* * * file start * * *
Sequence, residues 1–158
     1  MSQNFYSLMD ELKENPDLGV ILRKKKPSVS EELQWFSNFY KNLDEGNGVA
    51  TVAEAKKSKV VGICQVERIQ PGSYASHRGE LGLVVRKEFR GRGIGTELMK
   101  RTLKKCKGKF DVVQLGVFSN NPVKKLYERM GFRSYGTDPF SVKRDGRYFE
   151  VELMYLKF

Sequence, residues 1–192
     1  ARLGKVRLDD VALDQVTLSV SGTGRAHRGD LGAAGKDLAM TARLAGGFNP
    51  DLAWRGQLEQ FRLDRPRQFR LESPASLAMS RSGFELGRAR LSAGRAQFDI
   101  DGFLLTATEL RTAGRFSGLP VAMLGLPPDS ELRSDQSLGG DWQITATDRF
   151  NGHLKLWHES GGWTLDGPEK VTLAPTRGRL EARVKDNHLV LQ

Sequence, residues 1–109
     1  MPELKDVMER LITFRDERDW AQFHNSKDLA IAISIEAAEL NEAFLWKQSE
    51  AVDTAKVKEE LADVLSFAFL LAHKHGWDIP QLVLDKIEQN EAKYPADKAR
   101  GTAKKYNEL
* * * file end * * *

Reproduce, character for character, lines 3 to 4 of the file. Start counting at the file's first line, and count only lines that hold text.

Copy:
    51  TVAEAKKSKV VGICQVERIQ PGSYASHRGE LGLVVRKEFR GRGIGTELMK
   101  RTLKKCKGKF DVVQLGVFSN NPVKKLYERM GFRSYGTDPF SVKRDGRYFE